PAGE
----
08 Mar Entrepreneurship Is The New Women’s Movement
Women are leaving the workforce in droves in favor of being at home. Not to be a homemaker, but as job-making entrepreneurs.
By Natalie MacNeil
A quiet revolution is taking shape right now among women. Unlike the Quiet Revolutionthat began in the 1970s which saw women leave the home and enter the workforce in droves, women today are leaving the workforce in droves in favor of being at home. But unlike generations of women before, these women are opting to work in the home not as homemakers—but as job-making entrepreneurs.
Women have been starting businesses at a higher rate than men for the last 20 years and tend to create home-based micro (less than 5 employees) and small businesses. Women will create over half of the 9.72 million new small business jobs expected to be created by 2018 and more and more are doing this from home offices across the country. It’s a surprising statistic, especially considering that women-owned businesses only created 16 percent of total U.S. jobs that existed in 2010.
It’s the data released this week though by the National Federation of Independent Business about how women entrepreneurs fared during the recession that really cements that this is a revolution with staying power.
The recession was tough for many small business owners and nearly half of women-owned businesses still haven’t been able to climb back to pre-recession sales, but they persevered and adapted to a new economy. Controlling costs was the most popular strategy adopted among women entrepreneurs to get through the recession and there was a 52% increase in the number of women entrepreneurs using social media to boost business while saving on marketing costs.
“The result…is a new cohort of women-owned businesses, battle-tested and more competitive than the generation that preceded them,” says William Dennis in the report. With more women starting businesses and succeeding there’s an opportunity to reshape the working landscape.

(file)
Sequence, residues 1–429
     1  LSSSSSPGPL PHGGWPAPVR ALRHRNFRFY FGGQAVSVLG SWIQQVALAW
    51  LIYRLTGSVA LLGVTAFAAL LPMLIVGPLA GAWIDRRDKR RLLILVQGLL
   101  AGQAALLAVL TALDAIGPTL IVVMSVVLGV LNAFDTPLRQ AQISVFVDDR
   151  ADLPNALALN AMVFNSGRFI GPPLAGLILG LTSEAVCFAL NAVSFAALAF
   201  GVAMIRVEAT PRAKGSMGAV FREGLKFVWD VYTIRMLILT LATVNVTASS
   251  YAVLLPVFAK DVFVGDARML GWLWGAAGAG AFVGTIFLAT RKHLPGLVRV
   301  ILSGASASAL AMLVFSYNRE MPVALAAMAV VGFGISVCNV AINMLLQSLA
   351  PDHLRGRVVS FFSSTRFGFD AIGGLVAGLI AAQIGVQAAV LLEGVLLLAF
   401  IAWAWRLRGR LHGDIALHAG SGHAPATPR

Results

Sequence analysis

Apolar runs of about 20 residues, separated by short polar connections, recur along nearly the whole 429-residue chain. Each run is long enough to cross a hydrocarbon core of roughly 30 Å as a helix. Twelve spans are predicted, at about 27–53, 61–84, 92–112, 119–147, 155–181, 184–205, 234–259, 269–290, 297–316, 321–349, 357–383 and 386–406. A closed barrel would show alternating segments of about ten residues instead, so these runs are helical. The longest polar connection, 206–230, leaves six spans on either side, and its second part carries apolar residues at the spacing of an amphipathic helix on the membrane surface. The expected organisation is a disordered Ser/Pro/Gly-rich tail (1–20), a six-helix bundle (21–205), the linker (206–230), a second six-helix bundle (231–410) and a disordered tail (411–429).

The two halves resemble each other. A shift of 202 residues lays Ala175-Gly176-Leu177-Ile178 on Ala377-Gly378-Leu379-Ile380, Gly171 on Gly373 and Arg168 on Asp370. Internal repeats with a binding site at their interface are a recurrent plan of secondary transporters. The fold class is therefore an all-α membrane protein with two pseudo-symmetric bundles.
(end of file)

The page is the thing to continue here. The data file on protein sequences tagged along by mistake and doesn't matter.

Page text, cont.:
With job satisfaction and work environment satisfaction at an all-time low, something needs to change and this could be a step in the right direction.
Let me make it very clear here: I’m not saying women are better or that women starting more businesses means the world is all rainbows and butterflies. Women just do things differently in the world of business and different should be welcomed.
Many women view corporations today as being fundamentally flawed and limiting in their value structures. The Guardian Life Index, an initiative to understand America’s small business owners, cites “office politics” as a driving factor for women leaving Corporate America to start businesses.
With the cost of starting a business at an all-time low, women are saying “no thank you” to spending years climbing and clawing their way up the corporate ladder, dealing with corporate politics, and working long days without feeling the overall fulfillment they crave.
Many women start businesses that align with personal values and offers freedom and flexibility when it comes to things like scheduling. ”The glass ceiling that once limited a woman’s career path has paved a new road towards business ownership, where women can utilize their sharp business acumen while building strong family ties,” says Erica Nicole who left Corporate America to start YFS Magazine.